• David Carlson

780 When we become little enough, naked enough, honest enough, we are more than enough

Day 780: Thursday, May 5, 2022

When we can become little enough, naked enough, and honest enough, then we will ironically find that we are more than enough


The Root of Violence


In a conference with Trappist monk Thomas Keating, Father Richard Rohr considered how contemplation is an antidote to violence:


The root of violence is the illusion of separation—from God, from Being itself, and from being one with everyone and everything. When we don’t know we are connected, we will invariably resort to some form of violence to get the dignity and power we lack.



Contemplation of the gospel message gradually trains us not to make so much of differences, but to return to who we are—our True Selves in God—which is always beyond any nationality, religion, skin color, gender, sexuality, or any other possible labels. In fact, we finally can see that those are always and only commercial labels, covering the rich product underneath.


When we can become little enough, naked enough, and honest enough, then we will ironically find that we are more than enough. At this place of poverty and freedom, we have nothing to prove and nothing to protect. Here we can connect with everything and everyone. Everything and Everyone belongs.


This cuts violence at its very roots, before there is even a basis for fear or greed—the things that usually cause us to be angry, suspicious, and violent.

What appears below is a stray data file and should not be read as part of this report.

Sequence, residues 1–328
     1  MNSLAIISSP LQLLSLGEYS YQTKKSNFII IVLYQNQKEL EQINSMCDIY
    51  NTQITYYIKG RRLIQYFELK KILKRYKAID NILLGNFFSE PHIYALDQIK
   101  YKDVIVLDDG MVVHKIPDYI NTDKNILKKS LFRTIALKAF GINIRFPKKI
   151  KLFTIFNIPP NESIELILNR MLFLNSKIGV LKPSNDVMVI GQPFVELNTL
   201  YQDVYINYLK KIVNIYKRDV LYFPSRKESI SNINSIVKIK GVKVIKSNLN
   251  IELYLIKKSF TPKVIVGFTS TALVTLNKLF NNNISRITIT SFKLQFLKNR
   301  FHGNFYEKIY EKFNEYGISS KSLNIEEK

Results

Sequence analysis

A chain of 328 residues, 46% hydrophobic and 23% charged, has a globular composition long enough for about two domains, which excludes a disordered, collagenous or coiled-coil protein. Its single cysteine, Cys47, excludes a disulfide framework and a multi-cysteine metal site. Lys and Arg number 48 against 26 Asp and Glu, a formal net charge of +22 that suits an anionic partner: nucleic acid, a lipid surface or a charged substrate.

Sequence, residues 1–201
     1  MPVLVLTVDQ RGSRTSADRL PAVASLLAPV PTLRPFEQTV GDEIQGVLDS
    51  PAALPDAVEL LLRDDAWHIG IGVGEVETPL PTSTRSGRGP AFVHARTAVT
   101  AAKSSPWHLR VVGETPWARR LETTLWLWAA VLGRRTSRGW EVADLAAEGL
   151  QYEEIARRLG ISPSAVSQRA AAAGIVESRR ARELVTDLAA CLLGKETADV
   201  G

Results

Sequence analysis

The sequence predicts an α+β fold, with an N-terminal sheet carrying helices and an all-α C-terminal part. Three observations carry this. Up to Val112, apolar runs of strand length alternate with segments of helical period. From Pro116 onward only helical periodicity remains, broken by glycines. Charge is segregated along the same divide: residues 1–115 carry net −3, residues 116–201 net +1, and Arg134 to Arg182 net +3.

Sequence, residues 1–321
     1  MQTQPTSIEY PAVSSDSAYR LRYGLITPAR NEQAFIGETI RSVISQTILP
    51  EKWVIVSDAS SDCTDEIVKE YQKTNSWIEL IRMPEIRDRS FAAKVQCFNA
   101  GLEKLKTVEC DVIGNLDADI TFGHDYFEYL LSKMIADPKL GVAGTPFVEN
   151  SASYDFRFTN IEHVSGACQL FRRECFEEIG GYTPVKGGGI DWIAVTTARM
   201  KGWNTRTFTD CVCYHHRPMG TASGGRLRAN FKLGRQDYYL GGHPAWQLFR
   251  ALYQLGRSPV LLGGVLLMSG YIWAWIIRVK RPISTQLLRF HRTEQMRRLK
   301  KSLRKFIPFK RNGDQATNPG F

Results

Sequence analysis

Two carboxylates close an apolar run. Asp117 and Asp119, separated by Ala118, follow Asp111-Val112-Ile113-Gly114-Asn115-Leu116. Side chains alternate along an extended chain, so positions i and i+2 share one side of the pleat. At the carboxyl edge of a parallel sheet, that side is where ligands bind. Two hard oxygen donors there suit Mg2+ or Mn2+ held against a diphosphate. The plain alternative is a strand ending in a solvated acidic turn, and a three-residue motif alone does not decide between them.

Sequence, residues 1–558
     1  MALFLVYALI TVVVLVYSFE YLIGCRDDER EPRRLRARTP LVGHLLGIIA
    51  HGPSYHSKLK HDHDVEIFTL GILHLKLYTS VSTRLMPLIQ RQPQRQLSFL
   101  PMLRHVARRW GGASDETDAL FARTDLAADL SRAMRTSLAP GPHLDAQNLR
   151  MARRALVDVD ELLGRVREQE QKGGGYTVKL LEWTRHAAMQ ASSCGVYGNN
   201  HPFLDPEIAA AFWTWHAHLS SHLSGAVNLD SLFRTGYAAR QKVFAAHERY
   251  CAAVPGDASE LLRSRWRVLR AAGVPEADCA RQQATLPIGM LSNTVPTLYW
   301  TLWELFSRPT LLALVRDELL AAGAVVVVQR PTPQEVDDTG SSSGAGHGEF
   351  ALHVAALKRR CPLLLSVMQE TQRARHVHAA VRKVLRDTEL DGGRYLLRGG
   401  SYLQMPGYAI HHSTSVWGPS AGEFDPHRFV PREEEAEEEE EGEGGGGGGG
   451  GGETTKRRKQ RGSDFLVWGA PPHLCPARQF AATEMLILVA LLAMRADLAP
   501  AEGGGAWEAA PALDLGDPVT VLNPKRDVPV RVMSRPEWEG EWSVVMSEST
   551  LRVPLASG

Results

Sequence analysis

To be clear, it is inconceivable that a true Christian would be racist, anti-Semitic, xenophobic, homophobic, or bigoted toward any group or individual, especially toward the poor and vulnerable, which seems to be an acceptable American prejudice. To end the cycle of violence, our actions must flow from our authentic identity as Love.


One of the reasons I founded the Center for Action and Contemplation was to give activists some grounding in spirituality so they could continue working for social change, but from a stance much different than vengeance, ideology, or willpower pressing against willpower. Most activists I knew loved Gandhi’s and Martin Luther King, Jr.’s teachings on nonviolence.



But it became clear to me that many of them had only an intellectual appreciation rather than a participation in the much deeper mystery. The ego was still in charge, and I often saw people creating victims of others who were not like them. It was still a power game, not the science of love that Jesus taught us.



When we begin by connecting with our inner experience of communion rather than separation, our actions can become pure, clear, and firm. This kind of action, rooted in one’s True Self, comes from a deeper knowing of what is real, good, true, and beautiful, beyond labels and dualistic judgments of right or wrong.


From this place, our energy is positive and has the most potential to create change for the good. This stance is precisely what we mean by “being in prayer.” We must pray “unceasingly” to maintain this posture. It is a lifelong process.


We wait in prayer, but we don’t wait for absolutely perfect motivation or we will never act. Radical union with God and neighbor should be our starting place, not private perfection.



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